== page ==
Pandora and the Very Scary Box
Out of the box flew all of mankind’s misfortunes An amazing thing happened in the month of June 2009. The father of modern teleradiology resigned from the company that has become synonymous with teleradiology, NightHawk Radiology. We all know him: Paul Berger, MD. It was a remarkable exit, really, and one we are privy to only because every move he makes is public record, as member of the board of a public company. Berger sent a letter to NightHawk employees, and it is brief and worth quoting from here:
I have been fortunate to be a radiologist for 35 years and part of a remarkable profession. I feel a great sense of duty to all radiologists and the patients they serve. The Company has embarked on business and strategic initiatives which in good conscience I cannot support and do not wish to be a part of going forward. I have discussed this at length with management and the Board of Directors to no avail. I thus find it necessary to resign from the Board of Directors effective June 8, 2009. —Paul E. Berger, MD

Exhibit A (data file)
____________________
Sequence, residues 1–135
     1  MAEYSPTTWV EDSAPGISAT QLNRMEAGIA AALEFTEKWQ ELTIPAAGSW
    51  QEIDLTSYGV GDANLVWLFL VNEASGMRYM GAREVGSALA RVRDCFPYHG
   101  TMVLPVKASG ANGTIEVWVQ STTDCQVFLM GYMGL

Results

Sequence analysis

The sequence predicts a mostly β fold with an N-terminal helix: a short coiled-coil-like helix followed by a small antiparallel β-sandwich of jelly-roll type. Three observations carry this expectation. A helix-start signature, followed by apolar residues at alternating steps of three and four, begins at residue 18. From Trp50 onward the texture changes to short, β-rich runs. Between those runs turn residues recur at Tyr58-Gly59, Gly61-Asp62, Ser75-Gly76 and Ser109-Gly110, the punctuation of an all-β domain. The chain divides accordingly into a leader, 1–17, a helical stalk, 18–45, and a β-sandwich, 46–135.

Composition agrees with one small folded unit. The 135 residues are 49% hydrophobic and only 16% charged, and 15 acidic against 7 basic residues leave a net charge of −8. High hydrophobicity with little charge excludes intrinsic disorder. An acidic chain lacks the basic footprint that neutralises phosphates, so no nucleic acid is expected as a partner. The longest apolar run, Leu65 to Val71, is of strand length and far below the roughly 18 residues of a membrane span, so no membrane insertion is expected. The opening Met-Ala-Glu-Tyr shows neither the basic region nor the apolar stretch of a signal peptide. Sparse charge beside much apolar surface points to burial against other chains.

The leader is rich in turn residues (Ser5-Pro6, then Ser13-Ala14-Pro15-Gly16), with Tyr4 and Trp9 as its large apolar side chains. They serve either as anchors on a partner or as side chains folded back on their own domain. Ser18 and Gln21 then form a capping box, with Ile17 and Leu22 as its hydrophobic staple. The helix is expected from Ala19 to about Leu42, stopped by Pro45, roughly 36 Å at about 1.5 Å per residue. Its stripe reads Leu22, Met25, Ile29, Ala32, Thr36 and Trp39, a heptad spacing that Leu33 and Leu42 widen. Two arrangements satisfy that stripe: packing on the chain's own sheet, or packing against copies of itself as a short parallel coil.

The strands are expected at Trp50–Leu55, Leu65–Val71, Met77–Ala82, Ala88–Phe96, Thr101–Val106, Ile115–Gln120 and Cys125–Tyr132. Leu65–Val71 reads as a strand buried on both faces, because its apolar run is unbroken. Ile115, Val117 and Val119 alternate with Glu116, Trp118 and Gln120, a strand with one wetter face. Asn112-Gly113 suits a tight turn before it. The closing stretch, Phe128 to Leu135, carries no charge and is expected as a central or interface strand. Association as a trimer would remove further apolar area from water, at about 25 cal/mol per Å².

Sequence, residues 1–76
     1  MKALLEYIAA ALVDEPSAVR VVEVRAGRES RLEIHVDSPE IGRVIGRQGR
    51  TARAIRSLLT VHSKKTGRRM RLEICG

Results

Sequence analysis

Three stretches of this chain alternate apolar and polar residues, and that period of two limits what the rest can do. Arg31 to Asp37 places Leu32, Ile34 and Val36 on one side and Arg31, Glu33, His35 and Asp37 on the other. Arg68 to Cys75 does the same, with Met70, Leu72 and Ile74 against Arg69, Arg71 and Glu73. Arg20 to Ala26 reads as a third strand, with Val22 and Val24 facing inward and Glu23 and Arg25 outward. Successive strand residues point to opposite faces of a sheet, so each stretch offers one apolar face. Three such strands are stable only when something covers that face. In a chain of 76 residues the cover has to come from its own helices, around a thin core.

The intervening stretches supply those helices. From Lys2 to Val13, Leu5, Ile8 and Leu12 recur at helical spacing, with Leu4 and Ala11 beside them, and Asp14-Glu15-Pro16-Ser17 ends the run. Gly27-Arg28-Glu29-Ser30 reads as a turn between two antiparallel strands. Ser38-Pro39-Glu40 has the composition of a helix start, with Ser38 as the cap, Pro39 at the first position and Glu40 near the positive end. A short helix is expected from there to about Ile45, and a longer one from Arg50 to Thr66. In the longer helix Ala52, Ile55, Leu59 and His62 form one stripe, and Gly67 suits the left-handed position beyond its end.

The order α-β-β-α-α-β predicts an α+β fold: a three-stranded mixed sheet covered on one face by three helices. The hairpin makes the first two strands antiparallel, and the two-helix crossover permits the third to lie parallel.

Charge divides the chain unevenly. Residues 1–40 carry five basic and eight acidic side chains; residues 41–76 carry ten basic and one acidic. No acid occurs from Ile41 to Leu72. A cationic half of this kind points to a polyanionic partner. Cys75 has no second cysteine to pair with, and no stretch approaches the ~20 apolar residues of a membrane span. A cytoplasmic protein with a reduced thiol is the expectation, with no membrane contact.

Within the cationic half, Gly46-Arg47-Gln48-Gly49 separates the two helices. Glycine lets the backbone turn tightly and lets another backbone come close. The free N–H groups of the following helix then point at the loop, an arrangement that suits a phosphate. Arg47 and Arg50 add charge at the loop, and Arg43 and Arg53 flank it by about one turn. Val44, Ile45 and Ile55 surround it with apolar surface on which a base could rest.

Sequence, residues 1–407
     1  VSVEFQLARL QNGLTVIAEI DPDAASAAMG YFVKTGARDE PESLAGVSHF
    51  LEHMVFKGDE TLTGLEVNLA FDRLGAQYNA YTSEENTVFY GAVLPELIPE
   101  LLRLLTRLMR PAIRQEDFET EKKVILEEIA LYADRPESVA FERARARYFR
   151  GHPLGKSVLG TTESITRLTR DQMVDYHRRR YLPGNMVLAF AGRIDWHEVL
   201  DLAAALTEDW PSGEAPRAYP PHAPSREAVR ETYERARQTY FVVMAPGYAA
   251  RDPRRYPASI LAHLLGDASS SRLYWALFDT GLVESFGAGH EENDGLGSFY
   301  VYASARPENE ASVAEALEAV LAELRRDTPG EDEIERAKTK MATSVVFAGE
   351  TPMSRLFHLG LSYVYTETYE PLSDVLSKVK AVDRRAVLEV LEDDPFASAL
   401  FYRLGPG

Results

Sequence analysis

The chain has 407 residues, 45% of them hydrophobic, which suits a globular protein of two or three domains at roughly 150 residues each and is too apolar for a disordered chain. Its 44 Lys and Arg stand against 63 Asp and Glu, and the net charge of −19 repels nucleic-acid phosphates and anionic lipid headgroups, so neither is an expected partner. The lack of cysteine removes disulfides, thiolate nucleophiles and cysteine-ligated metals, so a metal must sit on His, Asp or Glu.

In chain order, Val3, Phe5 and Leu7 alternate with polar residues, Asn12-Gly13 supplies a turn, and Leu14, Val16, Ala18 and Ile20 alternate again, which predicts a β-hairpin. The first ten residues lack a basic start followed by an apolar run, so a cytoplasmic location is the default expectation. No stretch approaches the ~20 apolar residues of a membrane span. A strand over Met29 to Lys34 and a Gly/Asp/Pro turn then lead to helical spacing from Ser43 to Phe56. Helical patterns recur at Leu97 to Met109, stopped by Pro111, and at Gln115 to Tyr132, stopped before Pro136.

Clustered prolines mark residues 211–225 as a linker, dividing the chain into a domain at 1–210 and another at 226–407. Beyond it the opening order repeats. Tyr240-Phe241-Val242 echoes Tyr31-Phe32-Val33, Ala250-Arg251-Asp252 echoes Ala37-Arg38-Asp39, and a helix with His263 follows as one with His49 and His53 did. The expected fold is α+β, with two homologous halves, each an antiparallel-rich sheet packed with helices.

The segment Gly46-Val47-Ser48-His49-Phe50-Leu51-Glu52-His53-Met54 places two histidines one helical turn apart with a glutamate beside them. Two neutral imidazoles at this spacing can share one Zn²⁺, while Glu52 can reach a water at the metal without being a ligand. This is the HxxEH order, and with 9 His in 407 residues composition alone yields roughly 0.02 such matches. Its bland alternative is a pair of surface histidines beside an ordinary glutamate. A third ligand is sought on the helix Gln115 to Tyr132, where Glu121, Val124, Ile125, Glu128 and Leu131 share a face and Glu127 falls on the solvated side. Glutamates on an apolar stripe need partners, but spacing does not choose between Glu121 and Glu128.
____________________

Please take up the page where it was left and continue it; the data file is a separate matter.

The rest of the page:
What happened? This also is a matter of public record: Berger lost control of his company late last year, when he was replaced as CEO by David Engert on November 17, 2008. This we also know: On June 8, a company called Imaging Advantage took over radiology services at Mercy Health Partners, Toledo, Ohio, displacing its radiology group of 30 years, Consulting Radiologists Corp. All radiologists were offered on-ground positions with Imaging Advantage, and they were given three weeks to consider the offer. NightHawk is Imaging Advantage’s teleradiology provider. The day Imaging Advantage took over at Mercy Hospital was the day that Berger resigned. I do not know why or how Consulting Radiologists Corp got into this predicament, but clearly, the relationship was not cozy. From Wiley’s interview (page 19) and other sources, I gather that the hospital wanted improved turnaround times and 3D reformats. The radiology group struggled with an ineffective PACS implementation, and everyone knows clinicians find 3D reformations more useful than radiologists do. How Berger lost control of his company is not a mystery: he helmed a public company, and the stock plummeted, along with all other stocks. Wall Street’s geniuses got involved. The story of Pandora is a favorite of mine, as a woman. We get to be the protagonist in this story (unlike most others). There are a variety of interpretations of the Greek myth, but the classic Edith Hamilton compilation1 shares just two. They boil down to this: In the beginning, there were just men, and woman was man’s punishment for being tricky with the gods. She opened the box that contained all misfortunes, and though she tried to close it, she could not. Fortunately, the gods also tucked in hope. Methinks Berger opened the box here; in resigning, he is trying to close it, which, of course, he cannot. Teleradiology has become part of the fabric of the specialty. Because Berger is a man of ethics, he could not endorse the displacement of entrenched local radiology groups. He knows too well that it is not all about the interpretations. Our world may be flattened, but it is still our world. We have to live here. The ACR code of ethics requires radiologists to notify the local radiology group before entering into talks with the hospital administration. Imaging Advantage did not do that, but it also is not run by radiologists, and, I suspect, does not consider itself constrained by the college’s code. The business world, where the greatest transgression is failure to achieve profitability, operates on different principles. It’s pretty clear that Berger believes teleradiology companies should be serving the radiology group, not the hospital. In the case of Imaging Advantage, it remains to be seen whether it can patch together an effective radiology service with teleradiology, locum tenens, and on-the-ground employed radiologists for Mercy Health Partners in Toledo. None of the Consulting Radiologists Corp radiologists took its offer. What I think is that train has left the station. If a teleradiology group—no matter who owns it—can move in, convince a hospital it can meet service levels, and put a few bodies on the ground, it will. Hospitals are struggling with lower admissions, diminished endowments, and reduced access to credit—so, local radiology, this is your equivalent of a second wakeup call. New practice models are emerging. Take a look at what Advanced Radiology Services, with Konstantin Loewig, MD, and Marilyn Savidge, JD, MBA, at the helm, is doing. Also in this issue, Richard Helsper, MBA, refers to an employed-physician model at Clarian Health Partners (page 44). Then there is the teleradiology employment option. If you can’t make it work, someone else will. Remember, the gods tucked in hope.